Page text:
11. Zinc in glazes

    Sorry if my question missed the mark but I was meaning is the zinc leachable after firing. As in a zinc glaze inside a coffee cup.
  12. Zinc in glazes

    It's definitely a good opacifier. I ran a test substituting the zinc with borate plus another 10% borate. The difference was night and day. The zinc version was very opaque with a nice smooth surface, off white. The gerstley borate trial was clear as it could be but crazed all over and cracked the piece in half from thermal expansion I believe, the surface however was smooth but felt cheap like imported earthenware.
  13. Zinc in glazes

    Yes, that's it. It mentions zinc can leach but it's not a hazard unlike copper or cobalt. But it made me wonder why use something that could leach when there's other materials like borate that could do the same thing? Is there pro's and con's with using zinc in a glaze besides being an active flux?
  14. Pitting and pinholing

    Is this on the inside as well? Could be from trimming too. I've noticed pinholes on pots that only appeared where it was trimmed (bottom 2/3 of a pot). It seems throwing seals the clay off in the interior and elsewhere. I would try sponging the whole pot down next time and see if it makes a difference.
  15. What's your Mug?

    As the title says. What's your mug? Almost everyone has a favorite mug, what's yours? What do you grab in the morning? A stout standard cafe mug or a bulbous mug that can quench an army? I'd like to hear!
  16. Handy Techniques

    Big ol box of 6" x 6" bathroom tiles. Use them for bats. Sure are a lot cheaper than the bats you can buy at the supply store. They stick pretty well to the wheel head and cant warp!
  17. Handle Help

    I've been having some issues with handles on mugs. I'm working in ^6 pale stoneware and have tried multiple tricks like adding different clays, paper slip, and vinegar to help it along and such. It's specifically handles. I haven't even had issues with joining almost bone dry vase parts together with nothing but water. Pull the handle, let it firm up. Slip and score as usual on an almost leather hard pot and go from there. However I always develop these hair line cracks around the seam on the top of the handle, sometimes the bottom. At one point I tried pulling the handle off the mug too. Nice fluidity but nevertheless thin cracks appeared right at the seam. The handle is joined sufficiently as I can pick it up at bone dry and have fired some that were cracks for home use. Completely usable but these hairlines become prominent after firing and who wants to buy a cracked mug? I have a feeling the seams are cracked from lack of compression. Does anyone compress their seams with a tool or something? Or is it something I missed. Any input would be greatly appreciated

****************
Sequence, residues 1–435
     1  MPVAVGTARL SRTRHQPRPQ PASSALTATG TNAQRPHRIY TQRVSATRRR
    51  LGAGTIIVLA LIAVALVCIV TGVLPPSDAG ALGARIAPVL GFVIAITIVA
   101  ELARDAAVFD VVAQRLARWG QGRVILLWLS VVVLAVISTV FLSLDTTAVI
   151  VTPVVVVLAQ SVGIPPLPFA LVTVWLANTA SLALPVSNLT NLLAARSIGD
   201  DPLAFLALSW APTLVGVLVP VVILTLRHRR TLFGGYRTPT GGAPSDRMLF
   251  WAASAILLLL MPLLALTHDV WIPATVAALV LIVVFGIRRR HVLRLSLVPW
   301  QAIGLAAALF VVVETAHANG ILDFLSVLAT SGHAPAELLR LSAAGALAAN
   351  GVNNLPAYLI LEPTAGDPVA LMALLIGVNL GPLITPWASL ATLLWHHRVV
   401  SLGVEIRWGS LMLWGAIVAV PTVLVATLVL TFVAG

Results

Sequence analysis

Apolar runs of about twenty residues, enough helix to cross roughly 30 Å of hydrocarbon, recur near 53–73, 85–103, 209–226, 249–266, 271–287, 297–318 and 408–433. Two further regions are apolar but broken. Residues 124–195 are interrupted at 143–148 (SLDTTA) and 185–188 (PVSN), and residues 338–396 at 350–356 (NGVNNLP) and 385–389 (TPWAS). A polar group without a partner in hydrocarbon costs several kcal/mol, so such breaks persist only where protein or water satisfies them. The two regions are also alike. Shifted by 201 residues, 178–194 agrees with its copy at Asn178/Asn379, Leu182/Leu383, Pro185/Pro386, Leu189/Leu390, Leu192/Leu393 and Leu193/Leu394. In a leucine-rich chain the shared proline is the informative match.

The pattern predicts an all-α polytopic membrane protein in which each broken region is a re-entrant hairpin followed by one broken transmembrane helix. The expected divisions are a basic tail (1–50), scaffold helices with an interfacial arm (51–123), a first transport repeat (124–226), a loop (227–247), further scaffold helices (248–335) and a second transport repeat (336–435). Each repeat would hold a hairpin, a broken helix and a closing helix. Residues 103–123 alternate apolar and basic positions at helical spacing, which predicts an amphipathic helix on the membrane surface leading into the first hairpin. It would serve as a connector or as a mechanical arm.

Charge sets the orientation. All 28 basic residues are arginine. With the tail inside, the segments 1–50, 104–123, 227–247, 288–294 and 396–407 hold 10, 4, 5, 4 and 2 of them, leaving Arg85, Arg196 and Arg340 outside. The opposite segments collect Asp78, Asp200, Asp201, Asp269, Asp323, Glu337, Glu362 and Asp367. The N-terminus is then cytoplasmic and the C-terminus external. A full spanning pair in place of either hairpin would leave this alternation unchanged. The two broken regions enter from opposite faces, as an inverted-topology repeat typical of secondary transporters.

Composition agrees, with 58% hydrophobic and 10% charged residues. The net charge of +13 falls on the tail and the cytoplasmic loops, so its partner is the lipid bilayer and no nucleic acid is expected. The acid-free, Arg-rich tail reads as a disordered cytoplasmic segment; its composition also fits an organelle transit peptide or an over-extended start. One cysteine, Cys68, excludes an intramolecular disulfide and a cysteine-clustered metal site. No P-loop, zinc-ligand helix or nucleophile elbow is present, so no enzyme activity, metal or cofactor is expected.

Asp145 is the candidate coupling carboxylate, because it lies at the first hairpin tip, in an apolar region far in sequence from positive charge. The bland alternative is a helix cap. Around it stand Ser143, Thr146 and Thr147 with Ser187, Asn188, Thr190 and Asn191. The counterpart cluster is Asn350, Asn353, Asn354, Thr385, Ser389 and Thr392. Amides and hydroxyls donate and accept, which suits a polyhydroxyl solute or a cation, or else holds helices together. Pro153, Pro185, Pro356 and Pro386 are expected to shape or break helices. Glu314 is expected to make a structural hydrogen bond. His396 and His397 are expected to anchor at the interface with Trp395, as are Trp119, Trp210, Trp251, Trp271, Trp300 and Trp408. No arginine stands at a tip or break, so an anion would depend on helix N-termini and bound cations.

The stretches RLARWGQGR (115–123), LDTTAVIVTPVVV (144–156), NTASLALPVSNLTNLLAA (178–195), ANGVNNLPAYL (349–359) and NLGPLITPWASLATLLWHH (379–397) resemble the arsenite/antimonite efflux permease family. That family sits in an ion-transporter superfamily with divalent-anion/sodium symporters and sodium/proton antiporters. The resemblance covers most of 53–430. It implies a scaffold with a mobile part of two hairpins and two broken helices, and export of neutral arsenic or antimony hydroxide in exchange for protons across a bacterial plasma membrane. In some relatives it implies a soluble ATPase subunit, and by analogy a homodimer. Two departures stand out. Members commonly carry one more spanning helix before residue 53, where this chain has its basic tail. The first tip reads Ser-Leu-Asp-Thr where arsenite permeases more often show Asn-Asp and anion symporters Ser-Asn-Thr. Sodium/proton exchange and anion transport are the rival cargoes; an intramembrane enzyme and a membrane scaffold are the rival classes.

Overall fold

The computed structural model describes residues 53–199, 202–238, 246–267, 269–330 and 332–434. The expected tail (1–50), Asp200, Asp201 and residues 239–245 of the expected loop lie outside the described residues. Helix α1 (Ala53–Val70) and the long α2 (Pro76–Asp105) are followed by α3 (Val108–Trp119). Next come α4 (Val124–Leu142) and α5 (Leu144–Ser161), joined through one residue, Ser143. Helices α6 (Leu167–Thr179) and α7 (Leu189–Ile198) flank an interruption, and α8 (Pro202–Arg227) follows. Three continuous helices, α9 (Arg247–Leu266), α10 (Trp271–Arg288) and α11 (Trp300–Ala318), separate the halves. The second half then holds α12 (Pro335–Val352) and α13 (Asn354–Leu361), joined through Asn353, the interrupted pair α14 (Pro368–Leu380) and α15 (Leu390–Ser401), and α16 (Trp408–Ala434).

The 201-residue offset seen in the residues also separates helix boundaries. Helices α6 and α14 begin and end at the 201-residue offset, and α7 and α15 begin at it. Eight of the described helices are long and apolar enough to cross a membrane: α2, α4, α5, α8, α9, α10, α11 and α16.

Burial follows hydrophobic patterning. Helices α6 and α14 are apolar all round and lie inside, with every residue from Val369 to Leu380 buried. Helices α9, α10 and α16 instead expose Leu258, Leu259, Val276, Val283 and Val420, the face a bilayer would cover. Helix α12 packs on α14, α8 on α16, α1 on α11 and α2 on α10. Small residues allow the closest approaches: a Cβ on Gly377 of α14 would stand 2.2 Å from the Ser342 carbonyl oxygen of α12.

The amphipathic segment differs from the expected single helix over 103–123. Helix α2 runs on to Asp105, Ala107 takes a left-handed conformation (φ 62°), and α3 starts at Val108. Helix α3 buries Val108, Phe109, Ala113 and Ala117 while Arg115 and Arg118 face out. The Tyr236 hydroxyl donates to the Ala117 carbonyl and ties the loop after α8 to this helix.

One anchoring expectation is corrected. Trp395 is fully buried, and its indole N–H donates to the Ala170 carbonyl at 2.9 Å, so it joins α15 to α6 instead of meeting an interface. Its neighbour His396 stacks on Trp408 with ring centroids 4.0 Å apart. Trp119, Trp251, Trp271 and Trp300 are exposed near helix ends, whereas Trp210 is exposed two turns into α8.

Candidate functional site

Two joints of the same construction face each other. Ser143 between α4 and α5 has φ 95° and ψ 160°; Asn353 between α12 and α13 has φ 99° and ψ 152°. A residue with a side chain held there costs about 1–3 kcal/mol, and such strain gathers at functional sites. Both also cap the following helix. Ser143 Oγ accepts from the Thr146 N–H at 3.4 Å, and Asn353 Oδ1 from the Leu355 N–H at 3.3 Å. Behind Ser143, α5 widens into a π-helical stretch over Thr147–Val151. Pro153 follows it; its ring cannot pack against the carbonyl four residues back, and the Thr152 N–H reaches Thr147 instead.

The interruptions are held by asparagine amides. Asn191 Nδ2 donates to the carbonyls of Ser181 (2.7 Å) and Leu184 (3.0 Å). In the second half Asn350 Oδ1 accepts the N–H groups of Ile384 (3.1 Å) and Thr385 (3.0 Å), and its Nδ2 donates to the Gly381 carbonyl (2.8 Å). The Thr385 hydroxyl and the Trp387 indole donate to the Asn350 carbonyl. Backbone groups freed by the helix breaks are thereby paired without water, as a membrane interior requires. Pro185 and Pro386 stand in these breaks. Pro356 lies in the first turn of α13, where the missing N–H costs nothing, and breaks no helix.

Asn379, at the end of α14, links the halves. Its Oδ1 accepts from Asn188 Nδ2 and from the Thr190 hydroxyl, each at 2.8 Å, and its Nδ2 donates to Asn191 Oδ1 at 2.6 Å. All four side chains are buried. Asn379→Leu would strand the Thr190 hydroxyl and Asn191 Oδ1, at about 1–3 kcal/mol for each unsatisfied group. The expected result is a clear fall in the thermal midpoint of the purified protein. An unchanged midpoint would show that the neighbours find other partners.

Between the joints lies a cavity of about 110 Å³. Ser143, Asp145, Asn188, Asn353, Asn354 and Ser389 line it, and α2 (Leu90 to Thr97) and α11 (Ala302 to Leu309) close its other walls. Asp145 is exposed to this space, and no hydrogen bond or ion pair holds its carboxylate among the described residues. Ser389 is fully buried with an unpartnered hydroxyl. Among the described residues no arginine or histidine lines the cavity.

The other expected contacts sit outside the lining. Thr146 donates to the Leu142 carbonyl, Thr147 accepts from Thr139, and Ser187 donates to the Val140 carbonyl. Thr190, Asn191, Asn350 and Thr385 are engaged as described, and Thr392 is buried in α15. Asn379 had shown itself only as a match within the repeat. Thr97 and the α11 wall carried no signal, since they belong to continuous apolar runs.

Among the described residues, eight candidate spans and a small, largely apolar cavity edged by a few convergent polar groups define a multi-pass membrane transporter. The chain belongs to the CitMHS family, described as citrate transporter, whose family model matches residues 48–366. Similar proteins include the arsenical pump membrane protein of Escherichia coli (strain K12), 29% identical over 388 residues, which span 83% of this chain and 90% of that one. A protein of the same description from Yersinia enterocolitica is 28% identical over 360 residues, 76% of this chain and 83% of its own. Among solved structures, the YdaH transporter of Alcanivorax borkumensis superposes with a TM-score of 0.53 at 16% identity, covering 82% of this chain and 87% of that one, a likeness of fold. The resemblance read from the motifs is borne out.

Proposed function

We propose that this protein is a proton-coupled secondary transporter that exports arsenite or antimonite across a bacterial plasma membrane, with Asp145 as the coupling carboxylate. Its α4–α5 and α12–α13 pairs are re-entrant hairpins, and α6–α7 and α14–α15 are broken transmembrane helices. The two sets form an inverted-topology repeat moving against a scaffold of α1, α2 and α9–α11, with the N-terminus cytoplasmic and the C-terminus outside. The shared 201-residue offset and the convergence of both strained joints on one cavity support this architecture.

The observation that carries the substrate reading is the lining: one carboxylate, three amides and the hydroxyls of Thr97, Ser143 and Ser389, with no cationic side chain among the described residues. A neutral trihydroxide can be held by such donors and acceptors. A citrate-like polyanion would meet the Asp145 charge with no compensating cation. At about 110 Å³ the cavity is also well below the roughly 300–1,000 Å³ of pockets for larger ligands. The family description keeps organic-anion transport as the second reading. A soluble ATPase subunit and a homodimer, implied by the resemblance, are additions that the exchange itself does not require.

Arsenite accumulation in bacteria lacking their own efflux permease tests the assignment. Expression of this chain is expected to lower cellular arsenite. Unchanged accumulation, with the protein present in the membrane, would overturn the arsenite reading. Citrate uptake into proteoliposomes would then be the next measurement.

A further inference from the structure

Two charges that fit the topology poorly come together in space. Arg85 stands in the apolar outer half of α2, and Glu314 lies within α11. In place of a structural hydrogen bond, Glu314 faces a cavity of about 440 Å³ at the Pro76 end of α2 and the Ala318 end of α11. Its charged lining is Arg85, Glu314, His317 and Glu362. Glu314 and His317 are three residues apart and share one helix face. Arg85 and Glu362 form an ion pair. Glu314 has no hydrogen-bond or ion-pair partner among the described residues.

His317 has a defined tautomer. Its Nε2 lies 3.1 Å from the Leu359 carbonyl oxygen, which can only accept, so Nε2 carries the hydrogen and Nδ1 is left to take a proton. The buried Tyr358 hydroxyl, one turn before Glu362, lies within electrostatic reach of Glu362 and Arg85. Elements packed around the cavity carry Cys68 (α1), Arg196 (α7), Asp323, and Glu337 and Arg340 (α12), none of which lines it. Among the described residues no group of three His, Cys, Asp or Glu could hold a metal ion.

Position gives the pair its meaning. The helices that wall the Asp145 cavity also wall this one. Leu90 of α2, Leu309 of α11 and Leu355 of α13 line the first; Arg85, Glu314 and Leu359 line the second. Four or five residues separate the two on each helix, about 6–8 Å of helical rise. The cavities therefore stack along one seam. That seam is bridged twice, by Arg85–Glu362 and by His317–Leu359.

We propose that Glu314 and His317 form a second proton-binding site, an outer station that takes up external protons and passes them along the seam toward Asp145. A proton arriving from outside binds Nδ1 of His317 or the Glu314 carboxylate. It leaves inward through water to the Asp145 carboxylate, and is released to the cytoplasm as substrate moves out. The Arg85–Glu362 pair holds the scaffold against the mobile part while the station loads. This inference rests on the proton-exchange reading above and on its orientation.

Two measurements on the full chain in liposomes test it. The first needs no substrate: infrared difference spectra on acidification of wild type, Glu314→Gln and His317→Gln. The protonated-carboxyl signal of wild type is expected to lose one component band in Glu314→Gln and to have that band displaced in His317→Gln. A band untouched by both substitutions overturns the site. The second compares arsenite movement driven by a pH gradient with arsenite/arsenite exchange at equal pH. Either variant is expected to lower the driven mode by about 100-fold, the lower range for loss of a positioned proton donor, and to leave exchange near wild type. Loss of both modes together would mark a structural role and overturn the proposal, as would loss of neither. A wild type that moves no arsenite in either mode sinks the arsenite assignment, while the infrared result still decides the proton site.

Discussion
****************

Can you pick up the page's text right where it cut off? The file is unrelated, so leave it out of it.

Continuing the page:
18. Red Clay

    Another update. 50 : 80 mixture. A completely matte stone like finish, black without any trace of brown and nice to the touch. No runs.
  19. Red Clay

    Through researching many recipes, old and new. Occasionally I come across recipes that have "Red Clay" usually at half the recipe and the like. However I'm not sure what red clay is? I think its considered terra cotta but is something like Redart specifically? Thanks.
  20. Handle Help

    Update. Put handles on a lot sooner, added a coil of clay around the seams, blended with a tool, and dried way slower under plastic. I believe that was the problem, speed drying on top of a hot kiln what was I thinking lol? So far so good. Lets see if they can survive being raw glazed!
  21. Tools for throwing dry

    I know this was directed for a specific person but I also dry throw. I use lots of metal tools/ribs. Flexible metal ribs for the insides and flattening the floors. Hard flat metal strips or razor blades to help pull walls. I think one of the better points of dry throwing is getting more out of your clay and better development of shape. However things tend to be on the thinner side for me which can be good or bad depending on your style. Clay can torque or tear depending on how short the clay is but using metal tools puts less resistance and can help.
  22. Handle Help

    Thanks everyone. Will try some of these. Hate to admit it but its kinda hard to bring yourself to waste a bunch of mugs to handle!
  23. Ian Currie Test Tiles Forums?

    When you run your Currie test do you mix up a big batch of base glaze and take what you need as you go or do you mix up several 100g batches?
  24. Red Clay

    Thank you. This is a cold cone 6. For the running so far it depends. At 1 coat it doesn't run but its not as smooth. 2 heavy-ish coats or 3 light coats the sweet spot. It does move some but it doesn't look like drip, more of a slight sag at the base where it collects. So I would set a kiln cookie under it for your first trial. Another test I did with 1:1 ratios sagged slightly more which is a surprise as you would think more clay would equal more stability. %60 Manganese Dioxide %40 Red Clay %75 Water
  25. Red Clay

    Yes. The vase you see in the first set of pics is a very cream body. Just your average stoneware clay.

Important Information

By using this site, you agree to our Terms of Use.